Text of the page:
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5 min

New West’s gay migration

Affordable and accessible suburb is seeing the emergence of a new gay community

GAY AND LESBIAN INFLUX. 'There's getting to be more of a community here,' says Brianna Stusiak who moved to New West two years ago for its central location. 'It's moving in the direction of a close-knit community like Commercial Dr.' Credit: George Smeltzer photo

 Mark Higgens moved to New Westminster from California more than a year and a half ago. Having lived in the West End prior to moving south 17 years ago, he wanted to try a new neighbourhood when he returned to the Lower Mainland. Still, he moved to BC’s oldest city with some misgivings.

 
Those misgivings quickly evaporated.
 
“I talked to my friend Hugo about maybe moving downtown just to be around the community and to have more gay things to do at night,” Higgens recalls.
 
“And he told me not to bother because New West is the new West End. Everyone is moving out there because it’s affordable, it’s clean, it’s nice, and it’s 20 minutes into the city.”
 
Higgens now lives by New Westminster’s Heritage District. Similar accommodation in Vancouver’s West End would be out of his price range, he says.
 
“Seeing that I’m kind of older and I work nine to five, it’s quieter and it’s got everything within walking distance,” he says. 
 
Tracey Reader relocated to New West with her partner Patricia and her three children two years ago. She thinks that when all the waterfront development is done, New West will be like a mini-Yaletown or Davie St.
 
“It’s going to be the place to be,” she predicts, pointing to the revitalization of the River Market at the Quay, the new waterfront park and all the new residential and commercial development along the Fraser River.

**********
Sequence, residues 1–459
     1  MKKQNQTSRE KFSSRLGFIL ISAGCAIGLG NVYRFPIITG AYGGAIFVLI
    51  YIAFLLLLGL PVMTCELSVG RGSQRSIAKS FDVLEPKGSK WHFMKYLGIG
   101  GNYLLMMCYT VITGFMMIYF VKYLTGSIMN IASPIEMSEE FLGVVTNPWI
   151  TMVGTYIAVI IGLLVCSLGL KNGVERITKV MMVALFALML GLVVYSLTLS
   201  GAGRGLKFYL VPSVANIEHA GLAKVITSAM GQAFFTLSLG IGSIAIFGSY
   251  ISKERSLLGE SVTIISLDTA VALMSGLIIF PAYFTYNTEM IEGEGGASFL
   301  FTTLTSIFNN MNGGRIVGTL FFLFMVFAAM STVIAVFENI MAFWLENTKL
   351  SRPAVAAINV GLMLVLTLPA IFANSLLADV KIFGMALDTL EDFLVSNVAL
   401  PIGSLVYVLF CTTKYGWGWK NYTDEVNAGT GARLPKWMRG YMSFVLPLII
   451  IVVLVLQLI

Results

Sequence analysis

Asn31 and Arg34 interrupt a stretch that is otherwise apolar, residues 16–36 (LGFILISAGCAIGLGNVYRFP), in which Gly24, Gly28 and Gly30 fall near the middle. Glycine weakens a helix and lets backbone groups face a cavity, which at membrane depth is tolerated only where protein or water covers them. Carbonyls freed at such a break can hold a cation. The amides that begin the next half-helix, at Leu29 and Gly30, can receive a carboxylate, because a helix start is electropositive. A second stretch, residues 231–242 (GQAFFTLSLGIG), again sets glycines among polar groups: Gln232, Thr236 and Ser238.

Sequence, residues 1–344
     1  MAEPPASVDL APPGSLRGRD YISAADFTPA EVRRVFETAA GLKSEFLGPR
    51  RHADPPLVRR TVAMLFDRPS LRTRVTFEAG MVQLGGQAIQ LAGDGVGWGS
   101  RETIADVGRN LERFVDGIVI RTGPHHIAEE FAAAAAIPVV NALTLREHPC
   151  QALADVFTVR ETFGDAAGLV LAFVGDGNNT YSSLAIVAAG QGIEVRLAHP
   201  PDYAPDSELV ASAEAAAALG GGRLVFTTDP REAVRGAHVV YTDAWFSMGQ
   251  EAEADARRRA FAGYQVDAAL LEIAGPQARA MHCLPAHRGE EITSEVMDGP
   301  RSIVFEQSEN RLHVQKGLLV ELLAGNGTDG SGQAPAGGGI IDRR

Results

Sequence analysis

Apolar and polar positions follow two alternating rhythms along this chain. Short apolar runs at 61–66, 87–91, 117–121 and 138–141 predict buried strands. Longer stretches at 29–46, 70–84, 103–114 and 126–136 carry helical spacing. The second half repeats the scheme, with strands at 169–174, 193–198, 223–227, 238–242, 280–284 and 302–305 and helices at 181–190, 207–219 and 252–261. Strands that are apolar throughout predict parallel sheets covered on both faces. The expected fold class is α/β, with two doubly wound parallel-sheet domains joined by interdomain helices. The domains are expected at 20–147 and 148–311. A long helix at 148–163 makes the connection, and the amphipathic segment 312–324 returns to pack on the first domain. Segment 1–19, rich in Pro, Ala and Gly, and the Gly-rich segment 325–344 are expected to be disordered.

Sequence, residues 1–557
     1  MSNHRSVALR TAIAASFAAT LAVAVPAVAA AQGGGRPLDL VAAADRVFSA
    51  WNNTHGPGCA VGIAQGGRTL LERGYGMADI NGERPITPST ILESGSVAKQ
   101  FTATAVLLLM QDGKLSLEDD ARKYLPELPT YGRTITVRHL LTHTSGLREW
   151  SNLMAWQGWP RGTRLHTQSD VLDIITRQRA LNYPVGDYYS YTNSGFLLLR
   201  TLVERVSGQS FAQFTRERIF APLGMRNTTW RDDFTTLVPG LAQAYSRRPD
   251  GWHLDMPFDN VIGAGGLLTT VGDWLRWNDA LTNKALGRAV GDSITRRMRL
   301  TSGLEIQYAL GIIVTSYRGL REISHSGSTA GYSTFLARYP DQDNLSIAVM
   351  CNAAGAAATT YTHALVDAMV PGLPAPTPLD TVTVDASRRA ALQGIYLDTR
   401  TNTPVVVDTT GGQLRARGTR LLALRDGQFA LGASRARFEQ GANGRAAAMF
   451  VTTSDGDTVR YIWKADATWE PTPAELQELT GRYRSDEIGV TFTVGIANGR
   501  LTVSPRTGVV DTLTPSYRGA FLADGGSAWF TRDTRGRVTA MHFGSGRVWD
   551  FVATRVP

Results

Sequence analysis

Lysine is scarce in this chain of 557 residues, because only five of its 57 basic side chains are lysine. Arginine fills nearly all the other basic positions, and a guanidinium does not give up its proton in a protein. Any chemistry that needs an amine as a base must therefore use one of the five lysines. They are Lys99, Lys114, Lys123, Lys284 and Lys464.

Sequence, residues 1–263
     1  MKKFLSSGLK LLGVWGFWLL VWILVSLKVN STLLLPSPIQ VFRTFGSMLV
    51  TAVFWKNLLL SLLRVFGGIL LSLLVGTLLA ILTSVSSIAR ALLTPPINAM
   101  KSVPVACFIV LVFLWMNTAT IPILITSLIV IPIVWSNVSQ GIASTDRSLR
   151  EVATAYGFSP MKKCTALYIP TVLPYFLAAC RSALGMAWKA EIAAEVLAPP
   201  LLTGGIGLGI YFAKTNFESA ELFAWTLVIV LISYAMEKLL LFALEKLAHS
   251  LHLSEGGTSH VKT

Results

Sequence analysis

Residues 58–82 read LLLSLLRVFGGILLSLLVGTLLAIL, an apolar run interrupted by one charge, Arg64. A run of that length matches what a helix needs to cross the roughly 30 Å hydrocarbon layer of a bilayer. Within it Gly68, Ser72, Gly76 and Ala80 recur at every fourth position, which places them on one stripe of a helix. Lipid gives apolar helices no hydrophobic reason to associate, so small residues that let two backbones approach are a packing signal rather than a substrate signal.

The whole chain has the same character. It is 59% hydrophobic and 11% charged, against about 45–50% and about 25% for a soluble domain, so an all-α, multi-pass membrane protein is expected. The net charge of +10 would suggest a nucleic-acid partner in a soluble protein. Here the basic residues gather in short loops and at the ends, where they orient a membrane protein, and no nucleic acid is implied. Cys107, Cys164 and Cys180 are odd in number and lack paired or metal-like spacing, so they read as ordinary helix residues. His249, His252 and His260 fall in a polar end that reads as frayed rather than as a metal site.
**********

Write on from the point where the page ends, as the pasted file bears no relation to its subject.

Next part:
“Financially, the West End is out of range for most people, and a lot of gay people are moving in here,” she says.
 
Reader knows of at least six other lesbian couples who have recently moved into the area. “People can have their own apartments as opposed to sharing a rented house with a roommate from hell,” she says.
 
Brianna Stusiak moved to New West two years ago for its central location.  She works in Surrey and plays a variety of sports in the Lower Mainland. 
 
“There’s getting to be more of a community here,” she says, “but because a lot of things are new, I don’t think people in New West know each other. But it’s moving in the direction of a close-knit community like Commercial Dr.”
 
Reader says she’s comfortable being openly gay in New West and hasn’t faced any discrimination.
 
Her neighbours know she’s a lesbian, she says, and their response has been overwhelmingly positive, even asking her to sit on the strata council as vice-president.
 
Reader owns and operates a restoration business and is in constant contact with local businesspeople, who also know she’s a lesbian. “The people that know me don’t think of me or my partner as gay,” she says. “They see us as individuals and us as a couple.” 
 
With the influx of gays and lesbians, Reader says it’s no surprise that gay social events in New West are beginning to thrive.
 
Someone in the community is always planning something, she says, adding that she’s becoming a regular at the gay-friendly Heritage Grill and the gay-owned Coming Home Café.
 
Prior to opening the Heritage Grill, Paul Minhas first looked at downtown, West 4th Ave, Kitsilano and Commercial Dr before he took over his current space on Columbia St in New West. While he had some initial uncertainty about the location, he now says he’s happy he stayed in New West. Last year, he even bought a new high-rise behind the Heritage Grill. 
 
He says he likes the small-town atmosphere and all the diversity between uptown, downtown and Sapperton. New West’s waterfront will also be nice once it’s finally completed, he says. 
 
Last spring, Minhas turned the Heritage Grill’s spacious backroom into a permanent gay space.
 
“When I built the backroom, some of the people within the gay community asked me if I wanted to do a GIN [Gay in New West] night.”